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N. Rózsa, E., Szigetvári, T.: Connectivity, the Black Sea Region, and Hungarian Priorities

Connectivity, the Black Sea Region, and Hungarian Priorities

 

Authors: Erzsébet N. Rózsa, Tamás Szigetvári

In: From synergy to strategy in the black sea region. Assessing opportunities and challenges. Working Papers Series, No. 51. Bucharest: European Institute of Romania (2024). pp. 64-65.

 

Introduction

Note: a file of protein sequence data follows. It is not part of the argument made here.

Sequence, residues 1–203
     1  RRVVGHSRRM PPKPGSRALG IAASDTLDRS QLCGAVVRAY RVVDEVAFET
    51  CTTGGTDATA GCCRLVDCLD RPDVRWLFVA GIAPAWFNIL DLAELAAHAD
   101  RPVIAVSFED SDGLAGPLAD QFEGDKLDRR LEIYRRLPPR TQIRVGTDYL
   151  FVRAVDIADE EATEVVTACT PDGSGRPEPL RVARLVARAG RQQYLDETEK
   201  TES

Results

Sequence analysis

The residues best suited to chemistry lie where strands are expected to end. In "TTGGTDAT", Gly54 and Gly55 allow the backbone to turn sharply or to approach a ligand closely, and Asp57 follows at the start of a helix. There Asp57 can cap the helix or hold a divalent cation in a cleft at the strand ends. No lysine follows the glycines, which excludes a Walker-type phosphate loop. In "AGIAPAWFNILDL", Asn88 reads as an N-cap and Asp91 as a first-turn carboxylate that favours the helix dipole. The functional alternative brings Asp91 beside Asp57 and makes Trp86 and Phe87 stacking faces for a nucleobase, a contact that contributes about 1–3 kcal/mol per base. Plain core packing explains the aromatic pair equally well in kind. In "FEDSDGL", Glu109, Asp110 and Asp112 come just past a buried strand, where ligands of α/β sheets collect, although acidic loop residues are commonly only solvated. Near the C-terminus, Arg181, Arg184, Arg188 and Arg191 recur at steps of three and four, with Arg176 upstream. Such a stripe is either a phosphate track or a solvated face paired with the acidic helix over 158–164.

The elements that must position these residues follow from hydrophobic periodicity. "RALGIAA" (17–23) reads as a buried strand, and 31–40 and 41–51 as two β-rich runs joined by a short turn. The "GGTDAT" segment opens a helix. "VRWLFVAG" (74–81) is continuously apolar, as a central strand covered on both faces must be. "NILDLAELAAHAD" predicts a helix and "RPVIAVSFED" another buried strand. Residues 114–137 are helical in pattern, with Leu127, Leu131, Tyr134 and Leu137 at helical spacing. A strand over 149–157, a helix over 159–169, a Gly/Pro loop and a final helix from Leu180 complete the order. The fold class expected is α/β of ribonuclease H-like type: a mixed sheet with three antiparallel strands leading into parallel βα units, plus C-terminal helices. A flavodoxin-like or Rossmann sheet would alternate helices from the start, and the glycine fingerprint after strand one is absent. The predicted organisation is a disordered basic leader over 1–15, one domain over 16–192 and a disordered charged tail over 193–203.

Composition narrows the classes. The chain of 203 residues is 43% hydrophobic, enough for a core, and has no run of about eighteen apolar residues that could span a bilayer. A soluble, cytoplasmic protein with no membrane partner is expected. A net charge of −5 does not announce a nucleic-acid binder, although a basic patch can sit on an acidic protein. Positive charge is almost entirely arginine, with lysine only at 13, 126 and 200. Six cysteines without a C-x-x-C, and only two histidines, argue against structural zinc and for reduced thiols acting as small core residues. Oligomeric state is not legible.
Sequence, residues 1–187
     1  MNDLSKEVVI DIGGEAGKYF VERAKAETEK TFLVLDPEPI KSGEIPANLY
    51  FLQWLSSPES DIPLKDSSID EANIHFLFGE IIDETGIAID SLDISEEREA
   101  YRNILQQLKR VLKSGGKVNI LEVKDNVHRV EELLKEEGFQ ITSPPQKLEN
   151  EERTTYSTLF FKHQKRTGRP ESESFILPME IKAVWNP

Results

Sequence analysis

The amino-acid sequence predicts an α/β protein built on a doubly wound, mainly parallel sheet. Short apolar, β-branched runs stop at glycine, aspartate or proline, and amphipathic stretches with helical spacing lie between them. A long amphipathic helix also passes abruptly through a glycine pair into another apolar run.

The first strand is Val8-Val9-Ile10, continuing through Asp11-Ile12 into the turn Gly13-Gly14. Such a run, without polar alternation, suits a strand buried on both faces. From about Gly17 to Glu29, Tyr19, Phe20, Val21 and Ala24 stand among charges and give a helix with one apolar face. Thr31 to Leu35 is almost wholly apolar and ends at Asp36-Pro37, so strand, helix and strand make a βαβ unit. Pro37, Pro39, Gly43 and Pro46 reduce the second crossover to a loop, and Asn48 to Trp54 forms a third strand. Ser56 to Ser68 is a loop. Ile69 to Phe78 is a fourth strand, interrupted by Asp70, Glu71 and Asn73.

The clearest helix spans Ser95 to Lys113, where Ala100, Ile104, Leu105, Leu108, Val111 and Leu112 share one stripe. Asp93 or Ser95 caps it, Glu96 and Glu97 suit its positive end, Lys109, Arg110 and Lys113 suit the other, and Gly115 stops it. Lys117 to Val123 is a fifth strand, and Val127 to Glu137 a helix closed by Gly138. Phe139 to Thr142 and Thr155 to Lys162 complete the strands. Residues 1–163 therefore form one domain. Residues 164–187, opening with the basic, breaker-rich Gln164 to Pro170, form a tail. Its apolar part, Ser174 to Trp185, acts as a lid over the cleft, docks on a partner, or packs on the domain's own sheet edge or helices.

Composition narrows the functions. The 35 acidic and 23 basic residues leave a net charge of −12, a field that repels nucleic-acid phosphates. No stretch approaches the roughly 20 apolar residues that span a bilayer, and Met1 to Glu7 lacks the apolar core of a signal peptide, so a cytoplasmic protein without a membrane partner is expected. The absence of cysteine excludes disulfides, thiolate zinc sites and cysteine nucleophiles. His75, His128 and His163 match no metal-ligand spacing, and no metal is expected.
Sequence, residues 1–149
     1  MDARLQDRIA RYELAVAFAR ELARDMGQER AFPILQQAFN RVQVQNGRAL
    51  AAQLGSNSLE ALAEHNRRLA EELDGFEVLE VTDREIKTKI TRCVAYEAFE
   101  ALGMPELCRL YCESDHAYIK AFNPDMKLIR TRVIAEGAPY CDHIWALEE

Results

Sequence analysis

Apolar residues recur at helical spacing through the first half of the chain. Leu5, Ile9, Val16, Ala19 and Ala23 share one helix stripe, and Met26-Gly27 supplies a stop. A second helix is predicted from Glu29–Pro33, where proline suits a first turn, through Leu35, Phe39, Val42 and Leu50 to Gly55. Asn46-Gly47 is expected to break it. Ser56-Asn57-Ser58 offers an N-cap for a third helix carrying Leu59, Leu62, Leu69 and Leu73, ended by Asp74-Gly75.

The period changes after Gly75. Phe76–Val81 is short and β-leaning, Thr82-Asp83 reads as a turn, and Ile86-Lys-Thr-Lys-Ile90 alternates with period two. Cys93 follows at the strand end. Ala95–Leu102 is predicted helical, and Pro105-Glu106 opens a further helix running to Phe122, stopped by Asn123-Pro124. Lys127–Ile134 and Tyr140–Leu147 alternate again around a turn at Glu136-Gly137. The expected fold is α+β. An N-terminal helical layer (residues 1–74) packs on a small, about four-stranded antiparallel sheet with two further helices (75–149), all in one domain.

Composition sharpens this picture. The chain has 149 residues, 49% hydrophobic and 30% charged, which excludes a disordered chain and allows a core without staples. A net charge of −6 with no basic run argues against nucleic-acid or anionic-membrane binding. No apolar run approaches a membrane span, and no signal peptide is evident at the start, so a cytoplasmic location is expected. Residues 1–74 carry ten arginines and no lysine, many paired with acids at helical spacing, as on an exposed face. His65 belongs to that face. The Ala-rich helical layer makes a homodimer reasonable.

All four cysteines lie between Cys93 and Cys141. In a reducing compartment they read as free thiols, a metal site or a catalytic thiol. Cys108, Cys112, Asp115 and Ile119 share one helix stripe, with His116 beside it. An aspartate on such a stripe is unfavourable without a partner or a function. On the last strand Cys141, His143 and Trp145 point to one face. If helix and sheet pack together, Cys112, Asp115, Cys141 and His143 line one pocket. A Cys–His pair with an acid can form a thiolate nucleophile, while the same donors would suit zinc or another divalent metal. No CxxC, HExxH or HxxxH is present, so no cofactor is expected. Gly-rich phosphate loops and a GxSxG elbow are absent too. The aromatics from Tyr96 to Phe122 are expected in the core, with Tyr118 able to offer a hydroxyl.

The Black Sea and the basin itself have for millennia been a transit route and provided connectivity – for military campaigns or migration among others – among Eastern – and Southeast Europe, the Caucasus, Central Asia, and the Middle East, both on land and on sea. Yet, it has mostly remained peripheral to mainstream European history, a field of regional power competition (Tsarist Russia and Ottoman Türkiye), and even to global power interests (Great Britain). Despite the fact that, the Black Sea constituted the border between the two worlds, during the Cold War, it was the accession of Romania and Bulgaria to the European Union and to NATO that seemed to offer renewed importance to the region.

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